Canto

Posted on June 7, 2010 by Amy Lenzo

by David Sparenberg

We progressed until we reached the latest rung in the Inferno.  There before us were two seething pits of new made hell, carved like gouged eye sockets in the fearsome, rude desolation of blind punishment.

The first of such was as a lake, thick and deep with blood.  Over this body of violence an angry wind whipped in bursts of crazed fury and waved in rippling obscenities of gurgling cries, gagging groans and ugly screams of pleading agony.  Awash in the blood thick muck, swilling and knotted into fist sized clumps, circulated currencies of all the world—some nations contributing more to the horror, while others less.

Into that reek of rancid death and death-made profits were condemned the souls of those who gained in life from crimes against humanity.  And while these profiteers of genocide and war had been plunked down here to suffer consequence of avarice and injustice by perpetual drowning, the common outcry of these ensanguined pirates was ego: “My life!  My life!  Give back my life!”

Near beside that fetid mess ranged the wound of the second sink hole, a noxious pool of black and percolating oil, inexhaustibly releasing methane bubbles in a foul and toxic stench with spewed out tar-balls ridding the surface of the crude miasma.

Plunged head first into their viscid and suffocating bath, we watched the black rain of souls who in life betrayed and schemed and spread about in global contagions wide deathless deaths, committing crimes against creation.  Even those who, bloated with arrogance and selfish greed—as if they mattered more than all life forms else—raped, poisoned and threatened earth herself, dispensing the cancerous tumors of engineered epidemics, and extinctions.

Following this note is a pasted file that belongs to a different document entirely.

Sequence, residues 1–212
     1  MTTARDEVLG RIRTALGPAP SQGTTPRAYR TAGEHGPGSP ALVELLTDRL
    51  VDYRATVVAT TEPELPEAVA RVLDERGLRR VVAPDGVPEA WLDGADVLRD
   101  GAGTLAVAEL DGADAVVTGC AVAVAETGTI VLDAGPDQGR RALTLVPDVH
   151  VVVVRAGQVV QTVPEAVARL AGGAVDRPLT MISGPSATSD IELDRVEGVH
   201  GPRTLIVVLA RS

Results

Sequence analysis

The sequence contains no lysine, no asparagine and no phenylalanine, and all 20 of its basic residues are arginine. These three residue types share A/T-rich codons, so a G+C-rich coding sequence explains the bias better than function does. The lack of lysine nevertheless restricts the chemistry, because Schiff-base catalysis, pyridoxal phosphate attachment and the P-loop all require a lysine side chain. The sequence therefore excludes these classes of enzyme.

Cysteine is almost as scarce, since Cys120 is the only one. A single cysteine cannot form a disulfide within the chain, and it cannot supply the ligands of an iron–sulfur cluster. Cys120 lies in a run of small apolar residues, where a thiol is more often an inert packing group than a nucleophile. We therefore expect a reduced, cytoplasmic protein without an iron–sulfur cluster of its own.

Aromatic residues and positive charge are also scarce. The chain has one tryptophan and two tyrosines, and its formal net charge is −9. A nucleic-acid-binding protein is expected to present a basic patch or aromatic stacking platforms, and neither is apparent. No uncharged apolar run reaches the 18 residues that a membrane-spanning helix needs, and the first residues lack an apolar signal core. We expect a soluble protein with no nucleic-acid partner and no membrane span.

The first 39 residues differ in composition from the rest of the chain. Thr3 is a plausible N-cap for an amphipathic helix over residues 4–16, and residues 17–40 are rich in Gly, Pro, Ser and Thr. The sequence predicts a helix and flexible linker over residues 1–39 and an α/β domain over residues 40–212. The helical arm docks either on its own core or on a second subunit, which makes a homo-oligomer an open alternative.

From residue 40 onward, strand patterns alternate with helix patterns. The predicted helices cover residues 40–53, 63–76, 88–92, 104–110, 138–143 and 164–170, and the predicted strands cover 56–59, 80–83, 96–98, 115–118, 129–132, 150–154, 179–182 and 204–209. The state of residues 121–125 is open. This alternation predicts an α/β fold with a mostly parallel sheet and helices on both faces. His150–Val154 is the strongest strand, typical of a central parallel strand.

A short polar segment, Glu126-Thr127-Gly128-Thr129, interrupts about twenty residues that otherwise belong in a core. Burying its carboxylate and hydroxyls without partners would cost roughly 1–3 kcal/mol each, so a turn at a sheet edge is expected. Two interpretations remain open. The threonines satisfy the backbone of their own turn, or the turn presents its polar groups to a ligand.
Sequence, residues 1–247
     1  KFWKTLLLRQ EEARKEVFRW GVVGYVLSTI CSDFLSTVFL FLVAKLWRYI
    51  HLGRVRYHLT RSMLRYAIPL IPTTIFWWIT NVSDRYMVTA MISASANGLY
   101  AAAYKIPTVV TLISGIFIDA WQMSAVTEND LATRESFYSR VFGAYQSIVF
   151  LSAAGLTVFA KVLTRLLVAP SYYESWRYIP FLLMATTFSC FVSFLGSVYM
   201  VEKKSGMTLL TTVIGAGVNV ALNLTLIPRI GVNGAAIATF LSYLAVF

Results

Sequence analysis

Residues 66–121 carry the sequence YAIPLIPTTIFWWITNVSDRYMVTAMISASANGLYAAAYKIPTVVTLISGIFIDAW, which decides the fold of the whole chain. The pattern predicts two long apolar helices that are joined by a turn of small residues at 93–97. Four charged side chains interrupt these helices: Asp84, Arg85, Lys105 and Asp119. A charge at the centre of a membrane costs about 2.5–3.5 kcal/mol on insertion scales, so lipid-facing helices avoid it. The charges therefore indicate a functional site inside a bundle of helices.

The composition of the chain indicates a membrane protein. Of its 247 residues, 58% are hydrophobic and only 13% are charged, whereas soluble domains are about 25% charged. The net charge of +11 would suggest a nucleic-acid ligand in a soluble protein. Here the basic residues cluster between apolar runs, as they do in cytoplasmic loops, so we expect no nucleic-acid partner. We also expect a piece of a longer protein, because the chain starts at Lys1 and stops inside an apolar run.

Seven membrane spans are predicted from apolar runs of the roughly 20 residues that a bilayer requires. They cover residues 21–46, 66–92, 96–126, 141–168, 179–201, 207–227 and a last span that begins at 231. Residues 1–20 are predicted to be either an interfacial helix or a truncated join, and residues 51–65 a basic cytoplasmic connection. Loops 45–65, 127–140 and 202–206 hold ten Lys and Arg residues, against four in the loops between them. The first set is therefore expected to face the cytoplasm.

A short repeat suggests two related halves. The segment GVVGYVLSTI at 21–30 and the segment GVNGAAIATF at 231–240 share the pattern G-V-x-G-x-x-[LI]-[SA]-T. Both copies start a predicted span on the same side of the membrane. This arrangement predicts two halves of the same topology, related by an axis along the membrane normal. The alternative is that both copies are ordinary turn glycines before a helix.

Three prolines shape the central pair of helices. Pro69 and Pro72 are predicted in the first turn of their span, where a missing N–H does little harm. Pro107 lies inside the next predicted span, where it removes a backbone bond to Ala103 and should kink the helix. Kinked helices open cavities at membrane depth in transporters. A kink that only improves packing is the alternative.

There looking, I felt ashamed to be counted one of so malign a species, as my soul in shuddering pondered: Why have we waited for damnation, when it stood always within our common power to exact justice before our common danger?  (For year by year, myself and others out around the living sphere observed in trepidation how less and less of hell stayed hid beyond the grave, and more of hell was now and here.)

Thus, as I brooded on these heavy thoughts, the air before our horde congealed as if to glass.  The glass, by smut and gloom grew dark, as if a sort of mirror.  And in that horrid glass-reflective, my guide, myself, and others gathered at our sides, beheld ourselves for what we are—the latest demons of this place.  Our clothes and skins on fire, our hairs in flames, the space above us weeping ashes, the space below us strewn with filth—and all because we held indifference precious, more valued than the earth herself.

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